US, China agree to 90-day truce to hash out trade differences


The U.S. and China have agreed to a 90-day truce in a bid to work out their trade differences. The news came Saturday following a dinner meeting between President Trump and Chinese leader Xi Jinping at the Group of 20 summit in Buenos Aires.

As part of the detente, Trump agreed to delay plans to raise tariffs on $200 billion in Chinese goods that would have taken effect Jan. 1. China agreed to buy a “substantial amount” of agricultural, energy and industrial products from the U.S. to reduce the trade deficit.

“It’s an incredible deal,” Trump told reporters aboard Air Force One, on his way back to Washington. “What I’ll be doing is holding back on tariffs. China will be opening up, China will be getting rid of tariffs. China will be buying massive amounts of products from us.”


The temporary agreement will give both nations time to iron out their differences. If not, the $200 billion in planned tariffs will go into effect.

Trump has already imposed tariffs on $250 billion on Chinese products. In response, China slapped taxes on $110 billion in American goods.


The meeting came during Trump’s weekend trip to Argentina where he canceled a meeting with Russian President Vladimir Putin amid tensions between Russia and Ukraine. He also canceled a Saturday news conference following the death of former President George H.W. Bush.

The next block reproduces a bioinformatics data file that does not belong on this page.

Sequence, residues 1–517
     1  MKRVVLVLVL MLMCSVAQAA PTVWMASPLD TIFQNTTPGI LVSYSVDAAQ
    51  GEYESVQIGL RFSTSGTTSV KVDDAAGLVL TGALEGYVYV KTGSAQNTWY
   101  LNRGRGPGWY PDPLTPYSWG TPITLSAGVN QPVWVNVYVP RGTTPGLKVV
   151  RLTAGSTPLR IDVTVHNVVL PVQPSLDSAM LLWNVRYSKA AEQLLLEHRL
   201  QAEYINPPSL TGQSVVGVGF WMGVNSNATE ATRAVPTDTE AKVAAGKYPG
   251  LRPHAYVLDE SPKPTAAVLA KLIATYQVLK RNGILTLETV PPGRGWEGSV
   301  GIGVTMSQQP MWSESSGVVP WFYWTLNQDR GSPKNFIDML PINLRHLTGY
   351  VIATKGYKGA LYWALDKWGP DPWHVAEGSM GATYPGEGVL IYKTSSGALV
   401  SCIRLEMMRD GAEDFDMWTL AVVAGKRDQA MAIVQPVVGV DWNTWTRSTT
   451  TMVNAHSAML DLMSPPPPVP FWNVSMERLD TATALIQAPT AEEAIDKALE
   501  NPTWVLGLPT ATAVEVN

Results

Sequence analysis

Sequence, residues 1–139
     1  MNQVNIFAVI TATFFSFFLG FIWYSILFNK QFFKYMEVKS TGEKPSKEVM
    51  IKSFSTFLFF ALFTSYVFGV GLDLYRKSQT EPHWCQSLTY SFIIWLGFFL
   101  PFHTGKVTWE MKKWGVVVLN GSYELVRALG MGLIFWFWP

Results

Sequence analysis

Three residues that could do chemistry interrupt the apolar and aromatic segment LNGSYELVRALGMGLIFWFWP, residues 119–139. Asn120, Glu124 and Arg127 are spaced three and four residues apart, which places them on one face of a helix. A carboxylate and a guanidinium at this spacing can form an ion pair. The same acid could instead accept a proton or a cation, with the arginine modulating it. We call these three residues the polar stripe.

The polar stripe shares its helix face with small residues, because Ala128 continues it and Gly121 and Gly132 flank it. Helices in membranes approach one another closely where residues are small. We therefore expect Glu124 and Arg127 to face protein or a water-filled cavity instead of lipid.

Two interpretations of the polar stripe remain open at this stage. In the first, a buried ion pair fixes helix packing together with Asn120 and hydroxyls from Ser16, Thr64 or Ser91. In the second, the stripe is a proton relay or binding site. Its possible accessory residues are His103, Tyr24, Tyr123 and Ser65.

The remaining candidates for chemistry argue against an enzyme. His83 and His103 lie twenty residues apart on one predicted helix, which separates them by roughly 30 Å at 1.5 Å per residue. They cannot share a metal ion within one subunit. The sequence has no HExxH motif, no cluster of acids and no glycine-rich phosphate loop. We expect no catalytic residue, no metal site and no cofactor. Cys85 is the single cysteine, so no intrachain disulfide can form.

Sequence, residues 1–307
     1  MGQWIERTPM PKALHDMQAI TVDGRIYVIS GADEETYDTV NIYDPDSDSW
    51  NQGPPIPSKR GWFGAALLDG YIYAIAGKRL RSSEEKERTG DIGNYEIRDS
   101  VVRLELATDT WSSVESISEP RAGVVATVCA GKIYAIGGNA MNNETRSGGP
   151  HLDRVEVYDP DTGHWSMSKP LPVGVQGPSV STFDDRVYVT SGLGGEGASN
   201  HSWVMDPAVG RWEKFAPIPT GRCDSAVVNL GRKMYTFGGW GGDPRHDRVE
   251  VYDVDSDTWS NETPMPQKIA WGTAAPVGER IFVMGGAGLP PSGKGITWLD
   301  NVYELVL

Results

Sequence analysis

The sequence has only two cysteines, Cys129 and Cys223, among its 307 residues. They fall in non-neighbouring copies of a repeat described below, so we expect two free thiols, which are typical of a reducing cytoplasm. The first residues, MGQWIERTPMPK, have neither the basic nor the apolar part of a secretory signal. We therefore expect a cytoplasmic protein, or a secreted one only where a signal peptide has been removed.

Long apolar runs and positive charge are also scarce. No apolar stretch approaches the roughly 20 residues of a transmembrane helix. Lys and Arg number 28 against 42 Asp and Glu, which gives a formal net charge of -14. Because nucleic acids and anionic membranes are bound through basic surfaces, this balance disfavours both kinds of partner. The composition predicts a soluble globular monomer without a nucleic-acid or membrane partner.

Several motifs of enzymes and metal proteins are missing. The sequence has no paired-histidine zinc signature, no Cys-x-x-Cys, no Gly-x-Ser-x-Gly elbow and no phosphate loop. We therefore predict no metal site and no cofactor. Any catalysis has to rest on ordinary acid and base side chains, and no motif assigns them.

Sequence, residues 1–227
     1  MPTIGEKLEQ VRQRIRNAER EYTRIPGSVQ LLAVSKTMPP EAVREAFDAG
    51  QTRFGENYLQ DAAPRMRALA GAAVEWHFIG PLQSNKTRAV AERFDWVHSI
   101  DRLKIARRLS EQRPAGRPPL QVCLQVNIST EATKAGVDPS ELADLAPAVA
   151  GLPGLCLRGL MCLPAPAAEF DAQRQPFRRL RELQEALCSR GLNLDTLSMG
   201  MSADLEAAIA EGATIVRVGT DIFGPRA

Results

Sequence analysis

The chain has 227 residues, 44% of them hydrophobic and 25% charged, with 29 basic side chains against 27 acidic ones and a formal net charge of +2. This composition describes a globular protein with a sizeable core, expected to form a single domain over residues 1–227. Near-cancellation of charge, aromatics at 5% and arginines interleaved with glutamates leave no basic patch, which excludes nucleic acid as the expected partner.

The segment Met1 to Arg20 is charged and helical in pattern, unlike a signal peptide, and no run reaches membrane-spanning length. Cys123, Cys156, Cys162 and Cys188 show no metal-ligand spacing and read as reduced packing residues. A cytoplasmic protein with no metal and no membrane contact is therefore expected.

“It’s great the two sides took advantage of this opportunity to call a truce,” said Andy Rothman, investment strategist at Matthews Asia. “The two sides appear to have had a major change of heart to move away from confrontation toward engagement. This changes the tone and direction of the bilateral conversation.”

China also conceded to label fentanyl, the synthetic opioid cited in thousands of drug deaths, as a controlled substance and agreed to reconsider a takeover by U.S. chipmaker Qualcomm that it had previously blocked.

China nixed the proposed purchase of Dutch semiconductor manufacturer NXP by the chipmaker over antitrust concerns.

White House press secretary Sarah Sanders said China’s decision to label the drug as a controlled substance means that “people selling fentanyl to the United States will be subject to China’s maximum penalty under the law.”

The U.S. has pressured China to take a tougher stance against the drug, which is 50 times more powerful than heroin. Most of the U.S. supply of the drug is made in China.

Washington has also accused Beijing of selling trade secrets and forcing American companies to hand over technology in exchange for access to Chinese markets.

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